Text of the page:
Q&A: Holy Wisdom Monastery's Sister Mary David Walgenbach

A commitment to inclusivity and a respect for the earth help define Sister Mary David Walgenbach and Holy Wisdom Monastery

PHOTO BY SHARON VANORNY

Sister Mary David Walgenbach has known she wanted to lead a religious life since high school. 

When did you recognize your calling to religious life?
I became aware of my dream to become a nun when I was in high school. I attended a Catholic grade school and a public high school in a small rural town in Iowa. The town had six hundred residents and four churches. At the public school, every day the teachers took turns reading from the Bible, which was followed by the students’ recitation of the Lord’s Prayer. There was a strong expectation that the children of Hospers, Iowa, would continue the tradition of supporting the school and attending church on Sunday.

What is your favorite thing about being prioress at Holy Wisdom Monastery?
The prioress is chosen by the community members to be their leader. My favorite thing about being prioress is participating in the human development of each sister and basking in the awareness of how much can be accomplished together. As leader, I am also able to have a voice in the ministries of the monastery and work with many dedicated and committed people who call the monastery their spiritual home.

The monastery offers Sunday Assembly as opposed to traditional Mass. What is the service like?
Sunday Assembly, an ecumenical community of women, men and children, meets on Sunday for worship at 9 a.m. The worship service is liturgical with a distinct liturgy of the word and Eucharist. We have four ordained presiders and eleven women and men with theological education who give homilies. All are welcome at the table. Inclusivity is important to the sisters and to all who come to worship.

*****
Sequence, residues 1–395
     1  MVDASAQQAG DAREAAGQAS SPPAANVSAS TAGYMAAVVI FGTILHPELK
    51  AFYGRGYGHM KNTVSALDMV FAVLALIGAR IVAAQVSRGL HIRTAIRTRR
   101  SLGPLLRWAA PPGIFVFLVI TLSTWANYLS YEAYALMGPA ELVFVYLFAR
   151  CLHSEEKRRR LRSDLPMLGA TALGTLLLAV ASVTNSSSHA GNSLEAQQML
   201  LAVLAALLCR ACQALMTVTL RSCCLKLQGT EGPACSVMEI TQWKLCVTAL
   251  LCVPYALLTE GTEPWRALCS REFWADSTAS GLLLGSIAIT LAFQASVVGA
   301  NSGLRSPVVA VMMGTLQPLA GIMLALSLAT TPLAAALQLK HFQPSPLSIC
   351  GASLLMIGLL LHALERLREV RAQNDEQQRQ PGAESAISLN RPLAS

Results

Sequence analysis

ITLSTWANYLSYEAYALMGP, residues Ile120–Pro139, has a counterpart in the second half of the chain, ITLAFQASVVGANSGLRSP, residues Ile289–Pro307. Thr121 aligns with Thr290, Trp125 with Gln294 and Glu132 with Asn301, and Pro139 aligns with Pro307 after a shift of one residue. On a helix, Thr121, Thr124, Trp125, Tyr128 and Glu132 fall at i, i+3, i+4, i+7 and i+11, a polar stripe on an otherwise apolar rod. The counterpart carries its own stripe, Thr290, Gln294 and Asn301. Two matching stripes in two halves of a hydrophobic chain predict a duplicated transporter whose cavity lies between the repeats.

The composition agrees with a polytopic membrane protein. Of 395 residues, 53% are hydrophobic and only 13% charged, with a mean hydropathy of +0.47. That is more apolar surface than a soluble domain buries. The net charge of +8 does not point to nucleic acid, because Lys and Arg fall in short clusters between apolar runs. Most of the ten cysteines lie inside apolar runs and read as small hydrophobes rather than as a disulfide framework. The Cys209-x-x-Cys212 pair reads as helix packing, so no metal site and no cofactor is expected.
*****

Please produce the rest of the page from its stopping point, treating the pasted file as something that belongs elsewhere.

When and how did the decision to host LGBT ceremonies arise?
This arose in 2010 when we began to inform people that weddings could be celebrated at the monastery. We received inquiries about holding LGBT ceremonies here. We welcomed them.

You’ve attended a number of spiritual retreats across the globe. Where did your most inspiring interreligious gathering occur?
Yes, our community at Holy Wisdom hosted Benedictine sisters from China, Kenya, Brazil, Nigeria and South Korea. I had the opportunity to visit their communities. I will always cherish the experience of attending a Roman Catholic Mass at the parish church in Nigeria. It was packed with at least one thousand people. We had waited two hours before the priest arrived. The entrance procession began with young men playing the drums and carrying the sheaths of their clans followed by young women in magnificent dresses and head adornments also dancing and singing. Because it was harvest Sunday, men and women carried on their heads bright-colored plastic containers filled with the first fruits from their gardens and set them before the altar to be given to those in need. The Mass lasted two hours.

Holy Wisdom is very green, receiving Leadership in Energy & Environmental Design certification from the U.S. Green Building Council. Why is this a central part of your mission?
Holy Wisdom Monastery is a Platinum LEED Certified Building that expresses the sisters’ belief that the divine is present in all creation and that humans must remain acutely aware of the web of interconnections among all that exists. A sense of responsibility for the well-being of the environment is embedded within the tenets of monastic life, creating a deep commitment to the earth and its state of being ... To this day, working and protecting the surrounding environment remains a core element of Benedictine spirituality.

Learn more about Holy Wisdom Monastery at benedictinewomen.org.

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